For a week now, the world has watched a high-stakes, emotionally draining, and dangerous game being played out in Gaza. What began as a mediated four-day “truce” and swap of 50 Israeli civilians held hostage by Hamas in exchange for 150 convicted Palestinian-Arab terrorists has now been dragged out much further. Hamas, unusually self-aware for a jihadist outfit, has savvily dangled the possibility of the release of ever-more hostages in exchange for further “truce” extensions. Israel, which so greatly values human life that it once infamously bartered over 1,000 terrorists in exchange for captured soldier Gilad Shalit, is all but forced to go along.
But as tantalizing as it is to see more hostages reunited with their families, there are extraordinary costs if Israel prolongs these swaps and continues to indulge the fantasy of a “ceasefire.”
There is the concrete threat of the convicted terrorists freed from Israeli prison. Among those freed during the Shalit swap was Yahya Sinwar, the current leader of Hamas in Gaza (he is subordinate to Hamas’ Doha-based top brass) and mastermind of the Oct. 7 pogrom. On Thursday, in his first publicized statement since the assault, Sinwar minced no words: “The leaders of (Israel) should know, Oct. 7 was just a rehearsal.” That’s quite a threat. How many future Yahya Sinwars have already been freed this go-around? The Times of Israel noted that 55% of the first 117 terrorists released during the current swaps had been held for violent crimes, including attempted murder; 21% belonged to a jihadist outfit.
Tragically, it is not difficult to see what this looks like in practice. On Thursday morning, two terrorist brothers murdered three Israelis and wounded six others at a Jerusalem bus stop. Hamas claimed credit; turns out the brothers had previously been imprisoned for planning terror attacks on behalf of Gaza-based jihadists. Let’s pray this isn’t predictive of what will come from the current swaps. But more to the point: Some “truce” this is, with Hamas openly taking credit for murdering more Jews in cold blood.
Then there are the horrific incentives and massive warfighting costs that an extended “truce” entails. Israel’s open negotiation with a terrorist organization, even if conducted via American and Qatari intermediaries, necessarily incentivizes more future hostage-taking and exacerbates the peril for IDF soldiers in Gaza. Even more important, the obvious — indeed, intended — effect of this weeklong “pause” in fighting, from Hamas’ perspective no less than from the Biden administration and Qatar’s perspective, is to habituate the so-called international community to relative calm.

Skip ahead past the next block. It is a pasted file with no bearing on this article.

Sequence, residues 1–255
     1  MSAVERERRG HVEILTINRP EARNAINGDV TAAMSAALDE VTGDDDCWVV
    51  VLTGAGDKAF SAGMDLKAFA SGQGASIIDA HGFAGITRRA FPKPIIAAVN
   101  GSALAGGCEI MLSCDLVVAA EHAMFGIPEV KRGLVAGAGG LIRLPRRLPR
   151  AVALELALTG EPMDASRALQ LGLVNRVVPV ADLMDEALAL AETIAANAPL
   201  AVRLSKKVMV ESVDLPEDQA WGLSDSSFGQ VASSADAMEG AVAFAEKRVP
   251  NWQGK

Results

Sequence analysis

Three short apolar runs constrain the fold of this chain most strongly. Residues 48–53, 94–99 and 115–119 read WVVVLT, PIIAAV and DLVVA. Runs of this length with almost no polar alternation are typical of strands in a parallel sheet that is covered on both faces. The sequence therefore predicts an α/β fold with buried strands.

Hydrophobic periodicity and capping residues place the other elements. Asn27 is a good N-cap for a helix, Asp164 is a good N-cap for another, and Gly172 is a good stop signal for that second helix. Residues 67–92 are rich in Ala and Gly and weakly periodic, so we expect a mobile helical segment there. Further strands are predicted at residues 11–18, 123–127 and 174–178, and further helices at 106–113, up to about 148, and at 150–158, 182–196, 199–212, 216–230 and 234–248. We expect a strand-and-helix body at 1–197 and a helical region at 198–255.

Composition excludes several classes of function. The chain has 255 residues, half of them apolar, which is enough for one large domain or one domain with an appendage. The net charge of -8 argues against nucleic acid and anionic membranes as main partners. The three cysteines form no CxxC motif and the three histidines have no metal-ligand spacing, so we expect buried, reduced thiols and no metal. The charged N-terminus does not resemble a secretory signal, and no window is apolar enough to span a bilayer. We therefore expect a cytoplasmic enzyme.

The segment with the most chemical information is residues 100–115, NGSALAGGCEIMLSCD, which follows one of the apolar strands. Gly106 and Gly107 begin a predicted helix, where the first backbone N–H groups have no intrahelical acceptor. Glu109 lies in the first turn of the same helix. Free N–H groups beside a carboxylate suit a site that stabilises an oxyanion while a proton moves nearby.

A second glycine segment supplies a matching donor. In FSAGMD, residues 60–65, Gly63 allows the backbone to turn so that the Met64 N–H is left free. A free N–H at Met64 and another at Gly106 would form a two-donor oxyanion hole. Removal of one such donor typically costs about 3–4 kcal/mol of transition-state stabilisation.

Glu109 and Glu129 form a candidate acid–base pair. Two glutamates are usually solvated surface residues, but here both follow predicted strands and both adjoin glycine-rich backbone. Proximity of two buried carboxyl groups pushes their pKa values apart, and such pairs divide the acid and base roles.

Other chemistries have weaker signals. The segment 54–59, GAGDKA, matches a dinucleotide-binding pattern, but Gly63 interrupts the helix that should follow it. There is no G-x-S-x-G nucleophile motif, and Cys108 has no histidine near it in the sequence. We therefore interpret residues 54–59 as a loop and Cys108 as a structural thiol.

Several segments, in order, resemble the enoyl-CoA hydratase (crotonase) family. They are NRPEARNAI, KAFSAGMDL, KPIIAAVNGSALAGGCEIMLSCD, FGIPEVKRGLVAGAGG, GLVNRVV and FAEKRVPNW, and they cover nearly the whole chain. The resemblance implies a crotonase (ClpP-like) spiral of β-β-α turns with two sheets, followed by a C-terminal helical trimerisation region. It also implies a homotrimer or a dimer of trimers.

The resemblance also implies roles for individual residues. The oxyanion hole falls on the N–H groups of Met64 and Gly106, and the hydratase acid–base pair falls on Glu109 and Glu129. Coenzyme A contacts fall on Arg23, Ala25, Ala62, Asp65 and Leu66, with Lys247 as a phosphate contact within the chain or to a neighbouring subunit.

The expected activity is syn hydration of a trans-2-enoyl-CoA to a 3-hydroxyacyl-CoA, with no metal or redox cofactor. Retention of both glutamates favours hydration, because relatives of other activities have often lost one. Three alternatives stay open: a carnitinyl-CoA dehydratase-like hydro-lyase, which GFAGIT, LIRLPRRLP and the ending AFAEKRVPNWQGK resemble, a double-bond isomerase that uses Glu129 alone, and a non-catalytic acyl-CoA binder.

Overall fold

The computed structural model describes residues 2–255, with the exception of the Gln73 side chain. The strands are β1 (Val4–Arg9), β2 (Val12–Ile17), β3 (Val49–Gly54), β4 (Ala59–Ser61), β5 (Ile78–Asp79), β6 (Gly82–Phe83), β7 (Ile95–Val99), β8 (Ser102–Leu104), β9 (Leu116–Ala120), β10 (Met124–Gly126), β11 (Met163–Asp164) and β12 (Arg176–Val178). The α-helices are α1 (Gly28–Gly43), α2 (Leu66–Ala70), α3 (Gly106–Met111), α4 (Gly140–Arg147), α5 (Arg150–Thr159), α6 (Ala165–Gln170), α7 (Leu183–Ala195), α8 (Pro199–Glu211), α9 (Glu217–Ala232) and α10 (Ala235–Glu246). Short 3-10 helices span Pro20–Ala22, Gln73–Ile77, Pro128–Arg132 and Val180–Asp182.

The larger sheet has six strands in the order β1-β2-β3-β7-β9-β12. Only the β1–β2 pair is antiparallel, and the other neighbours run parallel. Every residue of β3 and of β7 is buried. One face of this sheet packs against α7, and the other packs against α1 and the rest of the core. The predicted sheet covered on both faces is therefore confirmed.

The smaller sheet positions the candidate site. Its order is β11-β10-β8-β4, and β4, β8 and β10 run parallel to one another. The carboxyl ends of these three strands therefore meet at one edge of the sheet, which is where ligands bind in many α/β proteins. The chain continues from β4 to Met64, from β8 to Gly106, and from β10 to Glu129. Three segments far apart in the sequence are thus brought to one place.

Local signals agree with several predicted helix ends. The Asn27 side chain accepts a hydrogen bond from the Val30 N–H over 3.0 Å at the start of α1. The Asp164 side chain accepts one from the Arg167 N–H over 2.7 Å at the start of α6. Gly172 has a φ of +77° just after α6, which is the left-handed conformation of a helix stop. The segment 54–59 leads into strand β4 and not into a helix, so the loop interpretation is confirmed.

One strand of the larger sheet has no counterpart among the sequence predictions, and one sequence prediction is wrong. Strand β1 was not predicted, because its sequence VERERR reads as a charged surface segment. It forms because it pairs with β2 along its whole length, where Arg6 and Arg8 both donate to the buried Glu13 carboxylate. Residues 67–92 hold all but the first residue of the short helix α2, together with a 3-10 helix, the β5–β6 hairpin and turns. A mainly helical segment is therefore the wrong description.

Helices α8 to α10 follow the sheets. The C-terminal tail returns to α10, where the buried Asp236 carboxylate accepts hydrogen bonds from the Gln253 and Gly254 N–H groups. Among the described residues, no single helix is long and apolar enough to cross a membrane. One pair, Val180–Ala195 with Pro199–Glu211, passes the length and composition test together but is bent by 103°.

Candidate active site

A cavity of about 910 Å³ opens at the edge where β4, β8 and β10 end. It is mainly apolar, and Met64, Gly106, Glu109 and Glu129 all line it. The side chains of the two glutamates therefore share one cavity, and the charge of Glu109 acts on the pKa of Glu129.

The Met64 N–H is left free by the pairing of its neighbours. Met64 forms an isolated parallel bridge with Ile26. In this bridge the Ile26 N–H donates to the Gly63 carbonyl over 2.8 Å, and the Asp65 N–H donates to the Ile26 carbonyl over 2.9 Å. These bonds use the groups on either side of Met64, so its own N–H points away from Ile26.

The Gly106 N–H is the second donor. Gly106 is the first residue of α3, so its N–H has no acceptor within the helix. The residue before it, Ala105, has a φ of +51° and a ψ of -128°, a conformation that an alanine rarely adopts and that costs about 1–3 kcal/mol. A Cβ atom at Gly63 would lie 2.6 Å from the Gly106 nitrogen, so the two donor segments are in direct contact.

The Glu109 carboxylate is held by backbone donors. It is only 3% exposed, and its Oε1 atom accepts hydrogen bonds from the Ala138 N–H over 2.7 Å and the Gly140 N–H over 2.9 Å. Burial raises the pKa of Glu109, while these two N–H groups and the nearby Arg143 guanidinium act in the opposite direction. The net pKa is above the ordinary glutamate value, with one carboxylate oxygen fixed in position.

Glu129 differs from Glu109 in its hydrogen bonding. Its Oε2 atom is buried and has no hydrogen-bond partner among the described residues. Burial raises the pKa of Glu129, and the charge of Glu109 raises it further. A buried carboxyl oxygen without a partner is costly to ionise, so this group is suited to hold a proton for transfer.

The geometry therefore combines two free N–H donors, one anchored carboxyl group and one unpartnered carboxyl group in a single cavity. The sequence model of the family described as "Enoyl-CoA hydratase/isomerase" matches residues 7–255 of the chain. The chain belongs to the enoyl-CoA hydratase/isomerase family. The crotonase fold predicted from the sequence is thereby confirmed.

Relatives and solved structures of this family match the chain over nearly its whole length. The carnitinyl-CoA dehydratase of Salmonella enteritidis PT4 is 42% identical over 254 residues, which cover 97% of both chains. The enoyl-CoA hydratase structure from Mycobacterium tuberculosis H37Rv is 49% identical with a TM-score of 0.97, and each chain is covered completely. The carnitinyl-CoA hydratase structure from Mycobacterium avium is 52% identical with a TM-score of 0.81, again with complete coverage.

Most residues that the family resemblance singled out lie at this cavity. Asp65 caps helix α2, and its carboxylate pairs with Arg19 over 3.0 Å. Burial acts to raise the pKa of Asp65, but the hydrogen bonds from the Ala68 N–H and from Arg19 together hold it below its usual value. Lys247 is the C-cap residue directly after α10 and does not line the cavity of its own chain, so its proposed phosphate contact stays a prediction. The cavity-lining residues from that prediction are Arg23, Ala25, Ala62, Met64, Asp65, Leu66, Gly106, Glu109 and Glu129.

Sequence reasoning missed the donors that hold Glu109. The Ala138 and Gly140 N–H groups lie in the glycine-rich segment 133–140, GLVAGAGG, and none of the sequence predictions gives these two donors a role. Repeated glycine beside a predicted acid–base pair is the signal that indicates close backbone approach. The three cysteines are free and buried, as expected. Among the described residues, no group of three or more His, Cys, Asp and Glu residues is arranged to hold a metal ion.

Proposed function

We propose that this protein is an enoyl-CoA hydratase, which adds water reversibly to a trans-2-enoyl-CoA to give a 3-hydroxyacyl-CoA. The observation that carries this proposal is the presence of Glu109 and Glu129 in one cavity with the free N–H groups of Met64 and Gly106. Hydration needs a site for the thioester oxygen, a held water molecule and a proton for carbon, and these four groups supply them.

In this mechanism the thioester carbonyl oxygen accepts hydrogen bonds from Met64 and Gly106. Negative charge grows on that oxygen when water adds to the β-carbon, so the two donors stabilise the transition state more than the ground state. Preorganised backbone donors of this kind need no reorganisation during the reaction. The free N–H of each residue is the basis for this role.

Thus, for each and every day the “truce” is extended, Israel will face increased pressure and hostility when it resumes military operations. Hamas has every incentive to string out the “truce”; the Biden administration, which would like to navigate an off-ramp to the conflict in the face of discontent from the Democratic Party’s Jew-hating progressive base, shares the same incentives. President Joe Biden may publicly claim to support Israel, but his deceitful actions belie his hollow words.
Israel cannot realistically turn down hostage swaps — at least at face value — no matter the tangible benefits to Hamas. But with Hamas now transparently violating the “truce” and calling all the shots, the Jewish state must regain the upper hand in this conflict immediately. Anything less than unmitigated Israeli victory in Gaza would be catastrophic.
But Israel is losing the war right now: It is waging war on Hamas’ terms and capitulating to Biden administration and Qatari pressure. Israel, a nation once vaunted for its military and intelligence prowess, appears extraordinarily weak. The optics of abiding by the “truce” while Hamas manifestly does not do so plays right into Hamas’ hands. Hamas is taunting Israel, further sullying its reputation and undermining its deterrent posture. Hassan Nasrallah and Ali Khamenei are surely laughing.
Especially after Thursday’s slaughter in Jerusalem, Israel has no choice but to put on its blinders, tune out the “international community,” and immediately reestablish deterrence by revving back up the IDF tanks and warplanes to eradicate Hamas in Gaza. In the aftermath of the Hamas Holocaust of Oct. 7, anything short of complete eradication is inexcusable; no citizen in a first-world country can live with such a genocidal specter constantly looming.
Eradication of Hamas is also necessary to deter Hezbollah, a considerably more dangerous foe than Hamas, to say nothing of the regional “head of the snake,” the Iranian regime itself. Israel’s destruction of Hamas would also have salutary global repercussions: The global jihad that has been emboldened since Oct. 7 would be subdued, and Jews all over the world facing skyrocketing antisemitism would finally feel a little bit safer at home.
This is an extraordinarily difficult position for an Israeli leader to be in. But Benjamin Netanyahu is Israel’s longest-serving prime minister ever, and he comes from a famed Zionist family. The future viability of Zionism now hangs on his next moves.